Nasrin Askari, PhD, (2012), University of Toronto, has completed a Postdoctoral Fellowship at the University of British Columbia, and will be working on her next project at the University of Oxford as a Bahari Visiting Scholar in the Persian Arts of the Book.

Twelve Zoroastrian Treatises

Folio 4, codex K 29, written in Pahlavi with an interlinear translation in Persian. Photograph after Asmussen, 1968, p. 293. © Encyclopædia Iranica

Gheiby, Bijan. 2015. Twelve ancient treatises. Translation and Commentary. Bielefeld: Nemudar.

 The volume presents in 386 pages a collection of twelve Zoroastrian treatises together with their Persian translations and editorial explanations and commentaries. The edited texts are as follows:
  • Ayādgār ī Zarērān “Memorial of Zarēr”
  • Wizarišn ī čatrang  “Explanation of Chess”
  • Mādayān ī yōšt ī Friyān “The Book of Yōšt of the Friyān”
  • Māh ī Frawardīn rōz ī Hordād “The Sixth (Hōrdad) Day of the Mounth Frawardīn”
  • Abar Madan ī Wahrām ī Warzāwand “On the Coming of the Miraculous Wahrām
  • Sūr saxwan “Banquet Speech”
  • Xweškārīh ī redagān “The Duty of Children”
  • Čim ī kustīg “Reasons for the Sacred Girdle”
  • Čim ī drōn “Reasons for the Sacred Portion”
  • Āfrīn ī [payγāmbar] Zardušt “A Blessing of Zarathustra”
  • Tohmag ošmārisn ī  Zardušt
  • Farox-nāma
About the Author:
Bijan Gheiby was born in Teheran in 1954. He studied media in Tehran and in Long Beach as well as Iranian Studies in Hamburg and Göttingen, where he received his doctorate. He is an independent researcher of Zoroastrianism and ancient Iranian Studies.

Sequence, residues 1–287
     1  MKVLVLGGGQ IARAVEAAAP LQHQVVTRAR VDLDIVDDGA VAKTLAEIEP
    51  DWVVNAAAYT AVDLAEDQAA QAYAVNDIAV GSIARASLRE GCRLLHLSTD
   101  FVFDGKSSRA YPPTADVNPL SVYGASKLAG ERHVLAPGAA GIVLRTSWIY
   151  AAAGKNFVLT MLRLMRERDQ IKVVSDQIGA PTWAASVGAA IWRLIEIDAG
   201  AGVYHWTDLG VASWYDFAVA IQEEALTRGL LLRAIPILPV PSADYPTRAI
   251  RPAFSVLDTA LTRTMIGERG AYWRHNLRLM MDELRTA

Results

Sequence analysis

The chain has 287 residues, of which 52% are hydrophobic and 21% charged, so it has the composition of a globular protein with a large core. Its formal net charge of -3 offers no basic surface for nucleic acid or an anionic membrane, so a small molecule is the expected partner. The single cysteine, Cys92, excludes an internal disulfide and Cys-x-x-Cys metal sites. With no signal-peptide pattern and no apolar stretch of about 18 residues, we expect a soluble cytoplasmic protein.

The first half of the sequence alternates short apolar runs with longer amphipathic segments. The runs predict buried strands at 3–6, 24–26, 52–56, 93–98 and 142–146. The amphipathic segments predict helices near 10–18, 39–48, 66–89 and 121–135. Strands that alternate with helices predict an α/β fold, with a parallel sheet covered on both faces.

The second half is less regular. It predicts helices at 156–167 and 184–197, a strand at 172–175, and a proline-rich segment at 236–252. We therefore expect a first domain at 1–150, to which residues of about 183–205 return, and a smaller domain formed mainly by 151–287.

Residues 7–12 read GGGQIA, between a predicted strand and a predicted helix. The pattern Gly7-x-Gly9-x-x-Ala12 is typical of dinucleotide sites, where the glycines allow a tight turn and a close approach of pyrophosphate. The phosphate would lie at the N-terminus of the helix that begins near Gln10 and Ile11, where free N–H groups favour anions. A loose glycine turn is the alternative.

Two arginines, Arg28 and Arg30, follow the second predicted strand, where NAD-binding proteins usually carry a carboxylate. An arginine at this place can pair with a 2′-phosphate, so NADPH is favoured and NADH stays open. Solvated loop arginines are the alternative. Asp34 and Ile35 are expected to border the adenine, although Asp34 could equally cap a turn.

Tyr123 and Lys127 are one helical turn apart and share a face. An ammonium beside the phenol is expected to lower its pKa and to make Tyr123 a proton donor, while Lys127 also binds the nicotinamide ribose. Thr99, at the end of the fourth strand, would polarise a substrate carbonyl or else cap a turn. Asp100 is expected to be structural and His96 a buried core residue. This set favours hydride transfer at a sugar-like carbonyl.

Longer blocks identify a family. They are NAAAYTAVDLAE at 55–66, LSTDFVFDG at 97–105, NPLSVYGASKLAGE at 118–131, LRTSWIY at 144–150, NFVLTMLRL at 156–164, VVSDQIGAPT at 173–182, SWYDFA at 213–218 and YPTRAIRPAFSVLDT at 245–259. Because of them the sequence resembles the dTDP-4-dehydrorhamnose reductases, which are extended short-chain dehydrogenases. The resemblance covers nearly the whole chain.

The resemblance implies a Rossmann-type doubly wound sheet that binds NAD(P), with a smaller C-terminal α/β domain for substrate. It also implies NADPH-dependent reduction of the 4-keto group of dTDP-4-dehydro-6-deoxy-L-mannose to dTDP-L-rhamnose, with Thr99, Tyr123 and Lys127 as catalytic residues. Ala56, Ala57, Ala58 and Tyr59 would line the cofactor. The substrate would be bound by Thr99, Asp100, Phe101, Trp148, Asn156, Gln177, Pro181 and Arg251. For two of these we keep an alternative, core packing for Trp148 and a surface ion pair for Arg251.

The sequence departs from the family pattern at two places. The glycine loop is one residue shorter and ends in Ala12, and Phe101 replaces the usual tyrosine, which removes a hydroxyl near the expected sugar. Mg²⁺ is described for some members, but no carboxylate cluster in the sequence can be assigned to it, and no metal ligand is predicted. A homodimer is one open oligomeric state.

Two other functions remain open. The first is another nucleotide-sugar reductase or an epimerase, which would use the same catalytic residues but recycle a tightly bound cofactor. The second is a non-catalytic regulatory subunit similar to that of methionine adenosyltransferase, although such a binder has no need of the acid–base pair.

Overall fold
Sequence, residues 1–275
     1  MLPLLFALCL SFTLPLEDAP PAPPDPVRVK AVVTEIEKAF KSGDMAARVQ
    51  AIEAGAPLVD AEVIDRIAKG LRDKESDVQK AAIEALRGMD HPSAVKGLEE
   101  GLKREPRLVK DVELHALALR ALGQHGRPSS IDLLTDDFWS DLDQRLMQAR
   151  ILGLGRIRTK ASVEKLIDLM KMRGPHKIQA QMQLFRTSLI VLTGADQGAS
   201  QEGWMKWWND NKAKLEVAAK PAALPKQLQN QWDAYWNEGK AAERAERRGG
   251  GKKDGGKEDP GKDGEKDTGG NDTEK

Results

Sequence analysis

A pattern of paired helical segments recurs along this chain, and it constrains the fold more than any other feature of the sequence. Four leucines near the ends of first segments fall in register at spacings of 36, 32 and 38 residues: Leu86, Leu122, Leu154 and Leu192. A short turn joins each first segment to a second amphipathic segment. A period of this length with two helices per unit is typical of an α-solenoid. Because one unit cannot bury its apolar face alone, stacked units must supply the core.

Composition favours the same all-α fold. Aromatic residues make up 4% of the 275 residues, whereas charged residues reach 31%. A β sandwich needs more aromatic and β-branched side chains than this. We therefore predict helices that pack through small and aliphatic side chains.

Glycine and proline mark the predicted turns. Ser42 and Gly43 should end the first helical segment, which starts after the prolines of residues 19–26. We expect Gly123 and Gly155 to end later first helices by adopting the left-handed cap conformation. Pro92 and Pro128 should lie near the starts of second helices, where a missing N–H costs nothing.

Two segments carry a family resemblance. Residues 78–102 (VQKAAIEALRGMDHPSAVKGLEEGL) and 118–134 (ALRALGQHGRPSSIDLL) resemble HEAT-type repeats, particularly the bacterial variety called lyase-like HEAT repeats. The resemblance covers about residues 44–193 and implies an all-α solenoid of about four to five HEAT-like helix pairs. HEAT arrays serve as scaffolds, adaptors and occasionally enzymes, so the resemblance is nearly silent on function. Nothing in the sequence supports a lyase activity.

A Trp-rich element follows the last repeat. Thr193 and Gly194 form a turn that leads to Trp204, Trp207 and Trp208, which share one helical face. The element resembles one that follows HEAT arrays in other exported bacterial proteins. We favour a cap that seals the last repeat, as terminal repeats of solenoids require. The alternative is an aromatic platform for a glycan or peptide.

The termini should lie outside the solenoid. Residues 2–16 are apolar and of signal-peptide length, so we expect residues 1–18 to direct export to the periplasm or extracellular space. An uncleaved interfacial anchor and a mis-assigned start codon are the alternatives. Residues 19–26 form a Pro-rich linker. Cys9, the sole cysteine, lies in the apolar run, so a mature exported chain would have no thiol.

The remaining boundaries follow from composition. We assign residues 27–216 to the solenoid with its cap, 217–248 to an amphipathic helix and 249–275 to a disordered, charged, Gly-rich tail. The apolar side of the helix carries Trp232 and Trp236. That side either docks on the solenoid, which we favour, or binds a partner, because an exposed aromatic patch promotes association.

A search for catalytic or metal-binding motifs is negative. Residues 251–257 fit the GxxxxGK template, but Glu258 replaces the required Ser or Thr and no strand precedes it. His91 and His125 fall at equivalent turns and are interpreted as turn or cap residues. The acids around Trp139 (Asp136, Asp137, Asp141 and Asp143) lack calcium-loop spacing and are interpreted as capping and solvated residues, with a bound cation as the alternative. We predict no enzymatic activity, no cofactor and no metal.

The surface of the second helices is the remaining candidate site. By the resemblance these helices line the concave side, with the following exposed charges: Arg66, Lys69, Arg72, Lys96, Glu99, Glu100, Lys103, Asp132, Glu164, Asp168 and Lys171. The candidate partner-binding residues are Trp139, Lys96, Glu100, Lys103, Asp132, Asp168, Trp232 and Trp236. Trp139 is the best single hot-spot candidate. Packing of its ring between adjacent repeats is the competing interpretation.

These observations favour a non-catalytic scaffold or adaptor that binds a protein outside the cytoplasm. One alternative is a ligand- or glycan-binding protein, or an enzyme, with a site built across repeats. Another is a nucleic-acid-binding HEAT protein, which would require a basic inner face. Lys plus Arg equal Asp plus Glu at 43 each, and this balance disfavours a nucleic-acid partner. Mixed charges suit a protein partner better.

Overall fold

In Original:

غیبی، بیژن. ۲۰۱۵. دوازده متن باستانی. انتشارات نمودار: بیلفلد.

Ġeybi, Bižan. 2015. dawāzdah matn-e bāstāni. Nemudar: Bielefeld.

A Zoroastrian Doubt-dispelling Exposition

ŠGV Asha 2015

Asha, Raham (ed.). 2015. šak-ud-gumānīh-vizār. The Doubt-removing book of Mardānfarrox. Paris: Ermān.

The ŠGV is a treatise in which the author intends to present the arguments to refute in detail the alien schools and sects, establish the teaching of the two principles, and lead us to believe the veracity of the Religion, Daēnā Māzdayasni, and that of the teachings of the old Aryan guides, the Paoiryō.t̰kaēša. The complete original Pārsīg text is irretrievably lost, and we only possess its transcription into Pāzand (the vernacular Pārsī language written in Dēn-dibīrīh) and its translation into Sanskrit, made by the Pārsī high-priest Neryōsang Dhaval. Continue reading A Zoroastrian Doubt-dispelling Exposition

From Old to New Persian

Utas, Bo. 2013. From Old to New Persian: Collected essays (Beiträge Zur Iranistik 38). Edited by Carina Jahani & Mehrdad Fallahzadeh. Wiesbaden: Dr. Ludwig Reichert Verlag.

In a long series of essays, written during almost half a century, Bo Utas analyses the development of West Iranian languages, particularly Old, Middle, and New Persian, from various perspectives. The focus is placed on the transition from Middle to New Persian and the final essays (hitherto partly unpublished) especially elucidate this process in the light of an interaction between oral and written language.
This book is the second volume of collected articles by Bo Utas. The first volume, Manuscript, Text and Literature. Collected Essays on Middle and New Persian Texts, was published on the occasion of his 70th birthday as no. 29 in the series Beiträge zur Iranistik in 2008.
The seventeen articles in the present volume cover a time span of about 2,500 years and encompass all the stages of Persian. It also contains two entirely new articles, “The Grammatical Transition from Middle to New Persian” and “Between Spoken and Written: The Formation of New Persian”, which sum up much of Bo Utas’ philological research.

For more information, see the preface to this volume and the ToC.
Continue reading From Old to New Persian